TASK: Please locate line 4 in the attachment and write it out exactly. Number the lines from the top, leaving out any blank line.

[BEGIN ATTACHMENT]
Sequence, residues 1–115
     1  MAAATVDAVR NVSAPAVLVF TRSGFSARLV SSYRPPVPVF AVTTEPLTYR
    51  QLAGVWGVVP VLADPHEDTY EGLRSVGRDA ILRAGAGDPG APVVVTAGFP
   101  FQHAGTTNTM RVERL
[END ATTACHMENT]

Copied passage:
   101  FQHAGTTNTM RVERL